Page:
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When you get to know a fellow, know his joys and know his cares, When you've come to understand him and the burdens that he bears, When you've learned the fight he's making and the troubles in his way, Then you find that he is different than you thought him yesterday. You find his faults are trivial and there's not so much to blame In the brother that you jeered at when you only knew his name.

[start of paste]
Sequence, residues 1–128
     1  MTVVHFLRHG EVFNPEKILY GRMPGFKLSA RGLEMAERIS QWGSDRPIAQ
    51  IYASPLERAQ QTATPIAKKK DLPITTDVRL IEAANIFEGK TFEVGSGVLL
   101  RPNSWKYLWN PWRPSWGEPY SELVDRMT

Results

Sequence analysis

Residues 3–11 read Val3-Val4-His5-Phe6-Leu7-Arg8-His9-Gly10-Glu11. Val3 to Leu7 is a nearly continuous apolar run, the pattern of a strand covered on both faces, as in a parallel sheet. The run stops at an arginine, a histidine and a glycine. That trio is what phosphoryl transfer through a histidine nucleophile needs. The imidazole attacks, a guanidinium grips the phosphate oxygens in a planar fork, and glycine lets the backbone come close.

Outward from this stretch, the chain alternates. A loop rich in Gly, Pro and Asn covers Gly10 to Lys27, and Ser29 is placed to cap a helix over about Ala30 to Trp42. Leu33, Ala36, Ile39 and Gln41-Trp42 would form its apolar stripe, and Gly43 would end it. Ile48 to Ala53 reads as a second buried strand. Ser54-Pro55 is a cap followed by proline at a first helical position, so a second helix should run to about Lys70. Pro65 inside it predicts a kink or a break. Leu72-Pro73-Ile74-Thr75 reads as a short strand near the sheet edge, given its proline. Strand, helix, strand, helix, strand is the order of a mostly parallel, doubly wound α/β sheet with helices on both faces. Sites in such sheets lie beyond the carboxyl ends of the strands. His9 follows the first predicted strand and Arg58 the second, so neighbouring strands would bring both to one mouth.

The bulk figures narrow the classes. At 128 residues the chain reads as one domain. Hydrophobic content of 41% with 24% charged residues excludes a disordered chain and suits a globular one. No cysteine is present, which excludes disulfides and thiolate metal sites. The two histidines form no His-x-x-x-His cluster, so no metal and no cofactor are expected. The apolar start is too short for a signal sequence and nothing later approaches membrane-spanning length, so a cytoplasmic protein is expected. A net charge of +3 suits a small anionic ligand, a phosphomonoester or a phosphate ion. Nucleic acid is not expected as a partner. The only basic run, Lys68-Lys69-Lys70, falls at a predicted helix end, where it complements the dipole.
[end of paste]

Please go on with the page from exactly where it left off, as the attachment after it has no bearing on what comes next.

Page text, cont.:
Edgar Albert Guest (1881-1959) (aka Eddie Guest) was a prolific American poet who was popular in the first half of the 20th century and became known as the People's Poet. After he began at the Detroit Free Press as a copy boy and then a reporter, his first poem appeared 1898. For 40 years, Guest was widely read throughout North America, and his sentimental, optimistic poems were in the same vein as the light verse of Nick Kenny, who wrote syndicated columns during the same decades. From his first published work in the Detroit Free Press until his death in 1959, Guest penned some 11,000 poems which were collected in more than 20 books, including A Heap O' Livin' (1916) and Just Folks (1917). Guest was made Poet Laureate of Michigan, the only poet to have been awarded the title. His other works include: Over Here (1918), The Path to Home (1919), When Day is Done (1921) and Making the House a Home (1922).